Grazing and Soil Fertility Effect on Naturalized Annual Clover Species in New Zealand High Country
New Zealand rangeland
summer dry hill country
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CitationMaxwell, T. M. R., Moir, J. L., & Edwards, G. R. (2016). Grazing and Soil Fertility Effect on Naturalized Annual Clover Species in New Zealand High Country. Rangeland Ecology & Management, 69(6), 444–448.
PublisherSociety for Range Management
JournalRangeland Ecology & Management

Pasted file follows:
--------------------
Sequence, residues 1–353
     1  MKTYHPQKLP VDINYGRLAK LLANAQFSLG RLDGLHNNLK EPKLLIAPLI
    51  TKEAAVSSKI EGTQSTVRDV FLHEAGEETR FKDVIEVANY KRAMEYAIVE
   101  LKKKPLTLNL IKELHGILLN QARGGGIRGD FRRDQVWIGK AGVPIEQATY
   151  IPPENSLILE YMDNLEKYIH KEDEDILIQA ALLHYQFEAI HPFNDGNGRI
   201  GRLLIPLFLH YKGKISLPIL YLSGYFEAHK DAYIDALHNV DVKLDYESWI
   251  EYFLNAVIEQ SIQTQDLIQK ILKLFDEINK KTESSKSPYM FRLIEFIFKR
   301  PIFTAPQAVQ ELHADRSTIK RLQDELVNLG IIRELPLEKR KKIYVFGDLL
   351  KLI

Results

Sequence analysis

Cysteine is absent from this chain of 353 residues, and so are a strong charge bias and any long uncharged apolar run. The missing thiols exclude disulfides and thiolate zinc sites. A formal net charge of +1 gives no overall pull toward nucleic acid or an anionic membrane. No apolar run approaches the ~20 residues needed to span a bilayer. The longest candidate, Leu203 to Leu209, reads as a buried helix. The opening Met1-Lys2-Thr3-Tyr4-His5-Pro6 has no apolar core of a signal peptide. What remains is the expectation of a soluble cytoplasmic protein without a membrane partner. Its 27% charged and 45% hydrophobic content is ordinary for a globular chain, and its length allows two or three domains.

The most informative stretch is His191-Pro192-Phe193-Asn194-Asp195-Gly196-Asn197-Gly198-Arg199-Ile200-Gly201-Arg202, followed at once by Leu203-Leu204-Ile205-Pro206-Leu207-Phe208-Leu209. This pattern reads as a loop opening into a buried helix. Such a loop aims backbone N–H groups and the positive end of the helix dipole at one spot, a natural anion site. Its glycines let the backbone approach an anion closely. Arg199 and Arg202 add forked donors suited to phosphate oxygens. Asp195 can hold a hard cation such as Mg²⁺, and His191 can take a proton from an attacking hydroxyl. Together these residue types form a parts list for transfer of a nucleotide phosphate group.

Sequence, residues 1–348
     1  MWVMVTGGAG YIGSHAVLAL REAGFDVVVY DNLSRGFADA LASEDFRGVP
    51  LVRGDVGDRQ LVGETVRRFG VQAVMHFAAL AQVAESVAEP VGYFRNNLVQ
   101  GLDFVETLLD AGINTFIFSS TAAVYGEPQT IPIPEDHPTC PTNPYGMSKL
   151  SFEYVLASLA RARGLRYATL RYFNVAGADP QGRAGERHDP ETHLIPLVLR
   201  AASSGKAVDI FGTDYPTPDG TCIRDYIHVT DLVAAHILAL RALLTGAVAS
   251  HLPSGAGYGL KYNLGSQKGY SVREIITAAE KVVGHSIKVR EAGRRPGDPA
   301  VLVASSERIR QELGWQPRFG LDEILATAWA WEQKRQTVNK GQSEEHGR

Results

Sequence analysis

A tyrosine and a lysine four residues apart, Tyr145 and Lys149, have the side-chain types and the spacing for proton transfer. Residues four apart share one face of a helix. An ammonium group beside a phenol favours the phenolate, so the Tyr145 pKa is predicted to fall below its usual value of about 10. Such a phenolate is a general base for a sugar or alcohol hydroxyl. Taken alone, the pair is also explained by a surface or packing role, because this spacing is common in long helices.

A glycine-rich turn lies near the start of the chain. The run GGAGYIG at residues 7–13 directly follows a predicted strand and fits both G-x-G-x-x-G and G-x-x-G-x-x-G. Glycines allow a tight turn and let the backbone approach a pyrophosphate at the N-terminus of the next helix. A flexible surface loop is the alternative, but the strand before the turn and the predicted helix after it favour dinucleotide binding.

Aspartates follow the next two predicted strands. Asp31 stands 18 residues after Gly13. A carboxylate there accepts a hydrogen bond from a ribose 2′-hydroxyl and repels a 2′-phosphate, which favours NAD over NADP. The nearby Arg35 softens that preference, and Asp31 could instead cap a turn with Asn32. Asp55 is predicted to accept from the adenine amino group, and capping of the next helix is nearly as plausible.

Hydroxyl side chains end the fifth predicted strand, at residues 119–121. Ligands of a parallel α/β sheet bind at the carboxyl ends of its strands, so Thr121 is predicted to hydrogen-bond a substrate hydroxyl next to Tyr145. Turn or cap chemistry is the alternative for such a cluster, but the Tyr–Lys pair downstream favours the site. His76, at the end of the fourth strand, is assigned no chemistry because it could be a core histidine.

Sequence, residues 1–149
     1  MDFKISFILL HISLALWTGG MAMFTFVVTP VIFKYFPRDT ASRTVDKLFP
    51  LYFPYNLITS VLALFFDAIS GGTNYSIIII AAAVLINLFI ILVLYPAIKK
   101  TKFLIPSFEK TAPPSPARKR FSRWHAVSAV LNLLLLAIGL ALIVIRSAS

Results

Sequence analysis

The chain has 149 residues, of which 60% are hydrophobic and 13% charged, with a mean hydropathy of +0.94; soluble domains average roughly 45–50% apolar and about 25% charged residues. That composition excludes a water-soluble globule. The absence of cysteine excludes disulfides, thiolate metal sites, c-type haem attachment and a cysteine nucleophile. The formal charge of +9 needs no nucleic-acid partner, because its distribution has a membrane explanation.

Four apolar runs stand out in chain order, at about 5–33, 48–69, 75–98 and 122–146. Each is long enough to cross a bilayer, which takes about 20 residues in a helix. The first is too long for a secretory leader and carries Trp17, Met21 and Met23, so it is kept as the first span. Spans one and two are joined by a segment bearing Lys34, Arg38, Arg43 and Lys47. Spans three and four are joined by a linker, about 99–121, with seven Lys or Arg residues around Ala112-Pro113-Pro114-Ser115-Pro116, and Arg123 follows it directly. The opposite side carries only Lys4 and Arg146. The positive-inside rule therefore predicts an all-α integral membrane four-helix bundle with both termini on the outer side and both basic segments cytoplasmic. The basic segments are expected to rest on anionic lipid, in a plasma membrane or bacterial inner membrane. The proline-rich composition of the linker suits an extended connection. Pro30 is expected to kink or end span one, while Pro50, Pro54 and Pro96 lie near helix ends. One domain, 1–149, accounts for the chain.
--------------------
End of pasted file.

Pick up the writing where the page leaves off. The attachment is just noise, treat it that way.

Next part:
AbstractWith a view to increasing rangeland pasture legume abundance, the herbage biomass and seedling recruitment of four New Zealand naturalized annual clover species (haresfoot clover Trifolium arvense L., suckling clover T. dubium Sibth, cluster clover T. glomeratum L., and striated clover T. striatum L.) were measured in relation to spring grazing deferment versus continuous grazing and low versus high superphosphate fertilizer application (5 vs. 9 kg P · ha-1) at a midaltitude (700-m) hill site. Naturalized species were dominant over periodically sown white (T. repens L.) and subterranean clover (T. subterraneum L.), contributing N 90% to sward legume composition. Rainfall in spring-early summer varied greatly between years, driving the large variation in sward legume content (28% in the moist first year; 2% in the very dry second year). Grazing deferment in spring did not influence autumn seedling recruitment or the following spring herbage biomass of naturalized species. However, autumn recruitment of naturalized clovers was greater under low fertilizer (563 seedlings · m-2) compared with high fertilizer application (271 seedlings · m-2) in the second year of the study, suggesting a niche for these species under conditions of low soil P and S. Management efforts should focus on strategies to enhance naturalized species spread within NZ rangeland. © 2016 The Society for Range Management. Published by Elsevier Inc. All rights reserved.